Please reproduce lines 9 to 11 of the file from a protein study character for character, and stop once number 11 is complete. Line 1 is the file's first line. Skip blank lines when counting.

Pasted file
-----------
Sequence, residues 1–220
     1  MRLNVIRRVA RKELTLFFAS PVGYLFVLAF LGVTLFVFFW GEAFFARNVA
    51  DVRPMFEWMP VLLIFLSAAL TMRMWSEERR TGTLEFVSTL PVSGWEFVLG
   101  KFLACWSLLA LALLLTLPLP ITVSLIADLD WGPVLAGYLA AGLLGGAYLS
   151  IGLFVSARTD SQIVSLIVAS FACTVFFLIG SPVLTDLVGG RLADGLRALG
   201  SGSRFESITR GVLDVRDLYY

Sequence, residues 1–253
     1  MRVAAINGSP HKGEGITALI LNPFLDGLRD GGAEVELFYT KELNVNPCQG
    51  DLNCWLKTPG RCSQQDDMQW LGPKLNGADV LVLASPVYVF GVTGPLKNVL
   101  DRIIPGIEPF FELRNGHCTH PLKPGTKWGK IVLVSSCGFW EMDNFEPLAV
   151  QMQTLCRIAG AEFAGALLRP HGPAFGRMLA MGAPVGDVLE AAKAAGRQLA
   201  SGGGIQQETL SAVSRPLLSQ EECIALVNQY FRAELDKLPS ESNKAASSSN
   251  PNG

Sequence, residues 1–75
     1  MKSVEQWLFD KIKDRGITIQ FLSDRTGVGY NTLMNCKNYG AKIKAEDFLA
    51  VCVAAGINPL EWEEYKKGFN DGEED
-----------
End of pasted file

    51  DLNCWLKTPG RCSQQDDMQW LGPKLNGADV LVLASPVYVF GVTGPLKNVL
   101  DRIIPGIEPF FELRNGHCTH PLKPGTKWGK IVLVSSCGFW EMDNFEPLAV
   151  QMQTLCRIAG AEFAGALLRP HGPAFGRMLA MGAPVGDVLE AAKAAGRQLA